Lemme tell you about third grade – it was rough, y’all. To begin with, my teacher (let’s call her “Mrs. F.”) was terrifying. She was a very “large” woman. Think Miss Wormwood of the Calvin and Hobbes comic strip. Fortunately (for me- not her) she had recurring shingles that year so was gone an awful lot.
I also got braces that year. Top and bottom. And headgear that I had to wear to school. Every day. One morning the back bracket broke. I went to Mrs. F.’s desk to ask to call my mom and she engulfed me in a full body hug in front of the whole class. I’m still scarred from that moment.
Add to this that I wasn’t very bright that year. I got my first and only C. It was in third grade science. To this day, I am not a fan. I know we need science, and it is important, but I’m convinced the fact that the lights come on when I flip the switch is just a little magic trick I do every day.
One of my classmates broke his leg in third grade. This was long before the Americans with Disabilities Act, so there was no way for him to navigate the two flights of stairs to the lunchroom in the basement. Because of this, we each took turns eating lunch with him in the classroom. When it was my turn, he threw all of his peas into my milk carton. Ungrateful little stinker!
I also had my first crush in third grade. Tall, dark, and handsome. And let me tell you, he was digging my head gear. Or not. Sigh.
The worst part of third grade was math. One of our assignments that year was to write the numbers from 1 to 10,000. Torture. That assignment alone has given math the bad name that it has to this day. Disclaimer – thanks to Mrs. F.’s shingles, she didn’t realize that I never finished that assignment.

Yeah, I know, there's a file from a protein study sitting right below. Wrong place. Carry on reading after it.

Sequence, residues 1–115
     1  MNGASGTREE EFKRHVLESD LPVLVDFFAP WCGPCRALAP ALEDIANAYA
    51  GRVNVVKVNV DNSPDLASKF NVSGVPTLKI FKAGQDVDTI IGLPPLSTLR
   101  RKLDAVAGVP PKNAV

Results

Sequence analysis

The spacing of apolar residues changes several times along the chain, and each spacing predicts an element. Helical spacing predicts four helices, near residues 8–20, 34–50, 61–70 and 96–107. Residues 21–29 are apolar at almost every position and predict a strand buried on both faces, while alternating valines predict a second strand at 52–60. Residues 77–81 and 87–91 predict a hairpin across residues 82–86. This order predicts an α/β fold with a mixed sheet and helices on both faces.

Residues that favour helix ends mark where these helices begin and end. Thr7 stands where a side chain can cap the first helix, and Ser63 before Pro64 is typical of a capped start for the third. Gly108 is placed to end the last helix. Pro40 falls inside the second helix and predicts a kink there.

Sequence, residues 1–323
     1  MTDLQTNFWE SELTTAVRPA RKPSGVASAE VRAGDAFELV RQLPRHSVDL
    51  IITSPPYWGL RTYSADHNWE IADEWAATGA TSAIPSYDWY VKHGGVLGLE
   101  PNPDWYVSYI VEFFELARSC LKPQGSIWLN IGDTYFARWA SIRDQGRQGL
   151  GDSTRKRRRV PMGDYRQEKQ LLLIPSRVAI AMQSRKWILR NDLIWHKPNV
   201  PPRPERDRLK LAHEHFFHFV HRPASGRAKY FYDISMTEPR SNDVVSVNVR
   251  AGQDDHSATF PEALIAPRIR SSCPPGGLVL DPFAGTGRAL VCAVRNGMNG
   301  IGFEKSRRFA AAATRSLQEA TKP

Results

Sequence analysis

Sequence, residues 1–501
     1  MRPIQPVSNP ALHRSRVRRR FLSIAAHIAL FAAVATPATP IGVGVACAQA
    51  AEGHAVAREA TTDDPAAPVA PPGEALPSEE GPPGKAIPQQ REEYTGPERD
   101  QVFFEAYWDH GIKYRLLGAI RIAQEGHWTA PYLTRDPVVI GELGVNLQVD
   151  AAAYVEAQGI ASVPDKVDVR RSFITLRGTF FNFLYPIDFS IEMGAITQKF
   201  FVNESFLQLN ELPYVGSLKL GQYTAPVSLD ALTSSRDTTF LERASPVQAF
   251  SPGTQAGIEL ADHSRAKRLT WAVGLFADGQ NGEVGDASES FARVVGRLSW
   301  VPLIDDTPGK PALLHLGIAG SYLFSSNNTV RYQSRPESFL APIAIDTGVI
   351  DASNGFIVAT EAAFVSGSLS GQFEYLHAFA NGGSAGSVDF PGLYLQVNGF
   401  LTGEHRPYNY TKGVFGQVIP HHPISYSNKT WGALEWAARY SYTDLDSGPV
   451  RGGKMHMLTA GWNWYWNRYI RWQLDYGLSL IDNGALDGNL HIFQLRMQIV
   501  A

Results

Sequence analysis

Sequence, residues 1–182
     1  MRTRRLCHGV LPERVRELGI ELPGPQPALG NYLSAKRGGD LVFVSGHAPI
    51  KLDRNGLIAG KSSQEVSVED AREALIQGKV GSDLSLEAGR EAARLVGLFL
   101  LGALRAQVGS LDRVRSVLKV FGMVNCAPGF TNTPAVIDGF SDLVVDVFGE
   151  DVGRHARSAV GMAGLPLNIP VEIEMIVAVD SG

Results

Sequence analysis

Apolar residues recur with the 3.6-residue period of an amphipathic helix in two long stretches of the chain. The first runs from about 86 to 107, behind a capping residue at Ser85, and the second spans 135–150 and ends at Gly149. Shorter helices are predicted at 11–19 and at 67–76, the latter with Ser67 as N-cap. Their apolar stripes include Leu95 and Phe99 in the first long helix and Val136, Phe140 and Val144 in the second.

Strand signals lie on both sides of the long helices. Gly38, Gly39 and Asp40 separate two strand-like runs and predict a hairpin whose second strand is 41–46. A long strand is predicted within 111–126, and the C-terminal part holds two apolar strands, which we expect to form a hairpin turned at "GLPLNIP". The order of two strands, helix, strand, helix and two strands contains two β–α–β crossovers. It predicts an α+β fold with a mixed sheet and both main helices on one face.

Are you getting the picture? I was small. Insignificant. Lowly. Not really worth much except to my parents. Oh, and to God. Let me tell you what he did for me that year.
Another traumatic part of math was doing our homework. We were divided into two groups, and by some miracle, I was in the top one. Every day, our group went last. We were not allowed to take our homework home. We had to do it the next day during the first group’s math time. I can still remember looking at the clock at 10 am and being scared to death that I wouldn’t get my homework done in the 20 minutes we were allotted to do it. That’s the first time I ever remember praying. I asked God every day to help me get my math done on time so I wouldn’t get into trouble. And guess what? I got my math done every day.
God cared about that small, insignificant, lowly third grader. To an outsider, third grade looked like a wasted year. But not in God’s economy. He planted great seeds of faith in my heart that year. He confirmed many parts of His character to me. This was the basis of the rock-solid belief in my heart that God cares about and is involved in every single part of my life.
Did you know God loves you with an everlasting love? Did you know He rejoices over you with singing? Did you know He has plans for your life? Did you know that He knew you when you were in your mother’s womb? Did you know that He sent His only Son, Jesus, to die for you?
Do you ever feel like God doesn’t know or care about what is going on in your life? Like you are small? Lowly? Insignificant? Well, I can assure you that if I mattered to him when I was in third grade math, then you, precious woman reading this, are priceless to Him.
In the Old Testament, Joel 2: 25 says “And I will restore to you the years that the locust hath eaten…’ God has done that for me. Math was rough in junior high, too. But something clicked in high school. It became easy. I even majored in it in college. I am now a math teacher, and hopefully do a little bit better job than Mrs. F.
What a great God we have. Do you know Him? He longs to know you. Maybe you do know Him. Either way, I challenge you to look back at your life to try to find those times when He showed Himself real to you.
If you have a story to share, I’d love to hear it. Maybe we could even meet for coffee, or for lunch sometime and you could tell me all about it. Just please, don’t throw your peas in my milk!